A few weeks ago, you found out in this space that Sherry is what's called an aperitif. That means you drink it by itself before a meal to get your hunger going. There's brandy in it, after all, and the odor alone is usually enough to rip your stomach lining, let alone wake up an appetite. But Sherry has an equally interesting cousin she'd like you to meet-this one's a digestif, meant for after the food. It, too, is fortified with brandy or some other liqueur, and unlike the usually arid Sherry, it's traditionally spicy and wet.
It's called Port, and the difference is in the grapes. Whereas Sherry comes from white fruit, Port is a very distinct red (nay, violet). And Portugal's 2001 Porto Krohn L.B.V. supplies every bit of the post-meal finish that the color only hints at. It's probably best after the big stuff, like meats and heavy cheeses and pastas-and it's also very good alongside chocolate (in fact, there are lots of recipes out there that feature both). But the main thing is to treat it like a dessert wine-don't drink it with the main course, because the kick will only confuse your tongue. And your tongue is confused enough as it is.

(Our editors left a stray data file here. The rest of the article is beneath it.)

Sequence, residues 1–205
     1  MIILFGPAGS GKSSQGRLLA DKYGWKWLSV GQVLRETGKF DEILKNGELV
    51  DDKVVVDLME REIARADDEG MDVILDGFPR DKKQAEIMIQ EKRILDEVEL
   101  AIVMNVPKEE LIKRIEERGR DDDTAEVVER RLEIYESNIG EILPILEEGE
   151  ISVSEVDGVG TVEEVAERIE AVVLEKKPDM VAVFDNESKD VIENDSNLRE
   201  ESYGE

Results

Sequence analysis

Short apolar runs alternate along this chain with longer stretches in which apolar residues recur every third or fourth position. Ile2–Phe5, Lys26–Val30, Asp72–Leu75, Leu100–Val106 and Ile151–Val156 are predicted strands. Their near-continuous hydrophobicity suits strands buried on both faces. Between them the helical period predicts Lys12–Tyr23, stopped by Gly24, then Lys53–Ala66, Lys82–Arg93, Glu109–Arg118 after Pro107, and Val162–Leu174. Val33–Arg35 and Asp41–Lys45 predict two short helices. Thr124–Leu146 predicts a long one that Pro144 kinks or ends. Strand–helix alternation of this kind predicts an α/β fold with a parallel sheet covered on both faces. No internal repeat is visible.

You can find Porto Krohn for about $12 wherever lots of wine is sold. And you can't miss the container-there's no label as such, only a big, ominous stencil pattern that makes the bottle look like it's full of industrial-strength lye. The “industrial strength” part applies here, for sure. Porto Krohn slaps a big fat exclamation point on that meal you just inhaled, revealing yet another angle to good wine and its many household uses.